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Here come the ants!

Judy Van Put
Posted 7/25/23

We’ve just enjoyed one of the best weather-weekends so far this year – picture perfect warm summer days with cool breezes, lower humidity and some blue skies – and slightly cooler …

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Here come the ants!


We’ve just enjoyed one of the best weather-weekends so far this year – picture perfect warm summer days with cool breezes, lower humidity and some blue skies – and slightly cooler evenings. Streams and rivers have been slowly receding all week and although stream flows are still above average, are very wadable and fishable, with dry-fly success returning. 

The Beaverkill at Cooks Falls registered 359 cubic feet per second, which was above the median average flow of 154 over 109 years of record-keeping. Water temperatures in the mornings and evenings have been favorable – staying just below 71 in the afternoons, which have helped fishing conditions leading into a warmer week ahead to end this stormy month of July. Be sure to carry along a water thermometer when fishing in the afternoons, and be prepared to head to the smaller, cooler tributaries or the tailwaters when temperatures reach into the 70s.

Hatches continue to be the summer mix of Caddis flies in various sizes and colors, small Blue-Winged Olives, Light Cahills and Sulphurs, as well as Isonychias especially in the afternoons. And, as a follow-up to last week, don’t forget to include the terrestrials. And this week we’ll concentrate on Ants.

Interestingly, one of the favorite flies used by former President Jimmy Carter was a Black Ant. Mr. Carter grew up fishing from the time he was a young child, and as he relates in his heartwarming book An Hour Before Daylight, Memories of a Rural Boyhood, “Throughout my young life, I was obsessed with hunting and fishing, and I was not alone. It was what my father, most of the men in town, families on the farm, and all of us boys wanted most when we were not working. We read, thought, talked, recalled past experiences, and made future plans, all about hunting and fishing. I had a fishing pole in my hands as early as I can remember, and would go hunting with Daddy long before I could have anything to shoot other than a BB gun.”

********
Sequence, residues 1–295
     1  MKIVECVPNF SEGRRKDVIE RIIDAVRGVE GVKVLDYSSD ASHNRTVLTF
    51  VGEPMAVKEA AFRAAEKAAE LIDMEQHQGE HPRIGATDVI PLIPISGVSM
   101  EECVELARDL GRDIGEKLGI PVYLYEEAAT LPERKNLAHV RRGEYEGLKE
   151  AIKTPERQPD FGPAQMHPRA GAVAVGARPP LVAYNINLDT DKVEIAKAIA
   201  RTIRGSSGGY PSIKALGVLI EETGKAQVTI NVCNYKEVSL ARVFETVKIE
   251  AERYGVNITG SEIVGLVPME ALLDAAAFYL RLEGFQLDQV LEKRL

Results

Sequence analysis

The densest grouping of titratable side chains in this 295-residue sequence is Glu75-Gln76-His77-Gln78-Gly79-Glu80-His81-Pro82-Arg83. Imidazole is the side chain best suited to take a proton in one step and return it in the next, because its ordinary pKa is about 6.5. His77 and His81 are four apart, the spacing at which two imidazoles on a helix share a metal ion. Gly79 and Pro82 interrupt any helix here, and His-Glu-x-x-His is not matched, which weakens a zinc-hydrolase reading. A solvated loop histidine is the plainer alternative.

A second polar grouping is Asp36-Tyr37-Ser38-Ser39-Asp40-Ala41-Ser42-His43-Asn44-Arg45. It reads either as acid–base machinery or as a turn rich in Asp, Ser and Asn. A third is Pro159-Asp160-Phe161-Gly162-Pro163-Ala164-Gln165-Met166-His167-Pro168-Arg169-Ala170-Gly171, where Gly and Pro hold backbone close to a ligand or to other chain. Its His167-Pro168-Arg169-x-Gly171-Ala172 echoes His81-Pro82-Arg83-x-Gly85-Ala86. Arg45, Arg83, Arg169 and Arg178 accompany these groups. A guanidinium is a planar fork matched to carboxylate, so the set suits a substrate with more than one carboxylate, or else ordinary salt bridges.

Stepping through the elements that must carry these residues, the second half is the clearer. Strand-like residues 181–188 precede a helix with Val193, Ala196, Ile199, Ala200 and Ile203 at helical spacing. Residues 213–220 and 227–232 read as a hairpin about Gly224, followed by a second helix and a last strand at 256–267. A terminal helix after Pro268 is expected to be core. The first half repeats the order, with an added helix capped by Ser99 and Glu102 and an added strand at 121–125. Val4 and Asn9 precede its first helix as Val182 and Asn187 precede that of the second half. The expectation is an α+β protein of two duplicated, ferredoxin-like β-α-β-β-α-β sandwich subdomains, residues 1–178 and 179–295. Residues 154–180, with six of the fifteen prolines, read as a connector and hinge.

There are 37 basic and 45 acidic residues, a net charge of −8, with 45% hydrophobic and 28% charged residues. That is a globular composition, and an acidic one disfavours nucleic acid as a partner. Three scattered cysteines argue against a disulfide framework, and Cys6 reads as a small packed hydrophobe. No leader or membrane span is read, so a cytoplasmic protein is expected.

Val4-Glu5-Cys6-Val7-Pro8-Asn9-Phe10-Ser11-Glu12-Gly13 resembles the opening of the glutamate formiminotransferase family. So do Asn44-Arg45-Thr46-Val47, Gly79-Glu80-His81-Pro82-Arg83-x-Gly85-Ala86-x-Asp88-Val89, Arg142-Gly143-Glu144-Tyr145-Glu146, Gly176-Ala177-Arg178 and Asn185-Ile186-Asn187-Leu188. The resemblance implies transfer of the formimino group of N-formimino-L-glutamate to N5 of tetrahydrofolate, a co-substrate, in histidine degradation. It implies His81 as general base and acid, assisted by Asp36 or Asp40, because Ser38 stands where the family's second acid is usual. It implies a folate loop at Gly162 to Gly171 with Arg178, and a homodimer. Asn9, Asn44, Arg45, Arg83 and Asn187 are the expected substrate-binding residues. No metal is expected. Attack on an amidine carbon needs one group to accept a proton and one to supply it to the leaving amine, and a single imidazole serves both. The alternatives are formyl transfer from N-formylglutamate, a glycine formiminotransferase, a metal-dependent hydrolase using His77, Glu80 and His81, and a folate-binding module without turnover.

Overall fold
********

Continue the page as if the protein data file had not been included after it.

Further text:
He described fishing for many different species of fish, saying that each experience was different, whether for largemouth bass, chain pickerel, suckers and bluegills.  But when he was in the White House, he learned to cast, and practiced and perfected his fly-casting, ultimately becoming a fine fly-fisherman. 

In 1984 he and his wife, Rosalynn, made their historic trip to the Catskills to raise money for the construction of a Catskill Fly Fishing Center & Museum and fly-fish for trout in the Beaverkill as well as the upper Delaware River. It was his first trip to fish the river which, in 1978, President Carter preserved and protected more than 73 miles from Hancock to Sparrow Bush by signing the legislation establishing the upper Delaware Scenic and Recreational River as part of the National Parks System. 

On that trip, he mentioned to his fishing guide, Ed Van Put, that the Black Ant was his second favorite fly – second only to the Adams – and that he tied it with deer hair.

Trout are attracted to ants, as tiny as they may be, when they are on the water. It’s a good idea to carry an assortment of colors – such as black and cinnamon ants, as the fish will sometimes be selective when targeting ants. And don’t forget about winged or flying ants – trout love flying ants – and if you’re lucky to be fishing when flying ants are in the air and on the water, no doubt you’ll be rewarded by raising and catching a few trout.

Here’s a pattern for a Flying Ant, as tied by Ed Van Put: 

Hook: size #18 94840

Thread: 8/0 black : make 2 sections like an ant’s body

Wings: 2 white hackle tips

Hackle: Pale Blue Dun


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